Spectacle Therapy Using the Internet

Professional and Regulatory Standards Interpreted

(June 2015)

 

Introduction

This document describes how optometrists may utilize their website and/or the internet in spectacle dispensing practices, while meeting the standards of practice of the profession. Ophthalmic dispensing is defined as “the preparation, adaptation and delivery” of vision correction, and is a controlled act in Ontario authorized to optometrists, physicians and opticians:

3. Prescribing or dispensing, for vision or eye problems, subnormal vision devices, contact lenses or eye glasses.

Standard of Practice for Spectacle Therapy

Section 6.4 Spectacle Therapy in the Optometric Practice Reference (OPR) describes the professional standards for spectacle therapy. Optometrists providing spectacle therapy must satisfy the following standards, regardless of whether or not technology is used as a tool to facilitate the provision of spectacle therapy to patients

  • Reviewing with the patient any relevant environmental, occupational, avocational, and/or physical factors affecting spectacle wear;
  • Reviewing the details of the prescription;
  • Advising the patient regarding appropriate ophthalmic materials;
  • Taking appropriate measurements (including but not limited to interpupillary distance and segment height) to ensure proper function of the spectacles;
  • Arranging for the fabrication of the spectacles;
  • Verifying the accuracy of the completed spectacles to ensure that they meet required tolerances;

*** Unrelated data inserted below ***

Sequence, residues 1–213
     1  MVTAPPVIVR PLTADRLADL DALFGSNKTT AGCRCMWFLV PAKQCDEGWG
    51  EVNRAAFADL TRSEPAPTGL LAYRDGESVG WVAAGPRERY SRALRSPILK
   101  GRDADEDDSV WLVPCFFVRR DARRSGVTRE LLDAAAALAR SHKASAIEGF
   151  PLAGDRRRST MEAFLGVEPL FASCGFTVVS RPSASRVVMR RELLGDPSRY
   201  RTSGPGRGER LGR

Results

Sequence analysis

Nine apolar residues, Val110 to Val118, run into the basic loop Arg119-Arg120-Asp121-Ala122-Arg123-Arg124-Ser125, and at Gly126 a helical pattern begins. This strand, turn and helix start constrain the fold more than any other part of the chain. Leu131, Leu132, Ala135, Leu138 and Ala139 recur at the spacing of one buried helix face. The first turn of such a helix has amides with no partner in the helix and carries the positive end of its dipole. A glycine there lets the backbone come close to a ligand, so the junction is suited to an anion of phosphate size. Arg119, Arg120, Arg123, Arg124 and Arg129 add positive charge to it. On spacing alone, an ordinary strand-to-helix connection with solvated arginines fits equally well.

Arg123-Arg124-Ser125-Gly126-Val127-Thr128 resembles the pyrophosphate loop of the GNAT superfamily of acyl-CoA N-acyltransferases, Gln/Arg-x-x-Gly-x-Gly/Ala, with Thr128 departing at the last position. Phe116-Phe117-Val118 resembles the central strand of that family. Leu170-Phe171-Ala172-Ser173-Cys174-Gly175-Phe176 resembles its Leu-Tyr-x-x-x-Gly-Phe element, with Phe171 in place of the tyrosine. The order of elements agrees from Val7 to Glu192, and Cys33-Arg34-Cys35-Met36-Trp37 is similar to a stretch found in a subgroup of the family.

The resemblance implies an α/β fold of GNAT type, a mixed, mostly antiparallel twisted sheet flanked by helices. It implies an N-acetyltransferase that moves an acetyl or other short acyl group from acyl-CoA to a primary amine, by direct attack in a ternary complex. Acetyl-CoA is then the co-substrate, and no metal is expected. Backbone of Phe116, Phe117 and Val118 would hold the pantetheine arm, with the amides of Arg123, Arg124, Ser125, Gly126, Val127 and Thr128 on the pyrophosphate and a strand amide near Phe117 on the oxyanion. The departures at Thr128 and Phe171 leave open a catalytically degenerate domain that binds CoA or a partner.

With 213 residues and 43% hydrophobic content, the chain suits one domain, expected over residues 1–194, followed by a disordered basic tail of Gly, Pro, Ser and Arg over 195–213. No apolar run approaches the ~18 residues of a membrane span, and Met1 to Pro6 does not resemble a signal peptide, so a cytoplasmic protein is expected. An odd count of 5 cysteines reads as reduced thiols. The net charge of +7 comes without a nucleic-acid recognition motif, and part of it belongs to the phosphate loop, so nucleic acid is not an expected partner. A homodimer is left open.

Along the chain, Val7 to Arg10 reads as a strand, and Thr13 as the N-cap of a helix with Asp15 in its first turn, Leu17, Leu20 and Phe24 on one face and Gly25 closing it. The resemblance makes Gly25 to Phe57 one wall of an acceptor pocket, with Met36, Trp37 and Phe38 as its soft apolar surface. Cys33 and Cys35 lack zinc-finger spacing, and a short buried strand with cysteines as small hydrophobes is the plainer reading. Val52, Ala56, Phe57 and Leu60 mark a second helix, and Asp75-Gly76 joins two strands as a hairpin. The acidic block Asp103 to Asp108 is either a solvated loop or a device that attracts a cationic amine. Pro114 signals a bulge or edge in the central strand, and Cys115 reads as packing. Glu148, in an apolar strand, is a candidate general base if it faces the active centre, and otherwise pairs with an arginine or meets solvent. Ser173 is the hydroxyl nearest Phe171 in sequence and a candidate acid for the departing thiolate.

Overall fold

• Fitting or adjusting the spectacles to the patient;
  • Counselling the patient on aspects of spectacle wear including, but not limited to: the use, expectations, limitations, customary adaptation period and maintenance requirements of the spectacles.
Application of the Standard when providing Spectacle Therapy using the Internet

Reviewing factors affecting spectacle wear: Optometrists must review, with patients, factors affecting spectacle wear. This can be done either in-person, or by telephone, video conference, or online questionnaire. If this review is not performed in person, optometrists should include a precaution for patients that in-person reviews are recommended for individuals with special needs or atypical facial and/or postural features. If optometrists choose specific patient factors by which to limit their internet dispensing services, including, but not limited to, a specific age range, this should be disclosed on the website where patients can easily find it.

Reviewing the details of the prescription: Optometrists must review prescription details. This can be done in-person or using the internet. Optometrists are responsible for confirming the validity and/or veracity of prescriptions and must have a mechanism in place to do so. Prescriptions provided using the internet must be provided in a secure manner and collected in an unaltered form (pdf/image). All prescriptions must contain information that clearly identifies the prescriber (including name, address, telephone number and signature), and specifies the identity of the patient and the date prescribed (OPR 5.2 The Prescription). All prescriptions must include an expiry date.

Advising the patient regarding appropriate ophthalmic materials: Optometrists must advise patients regarding appropriate ophthalmic materials. This may be done in-person or by an online algorithm. In the latter scenario, patients must be given clear directions on how to contact the office/optometrist with any questions they may have.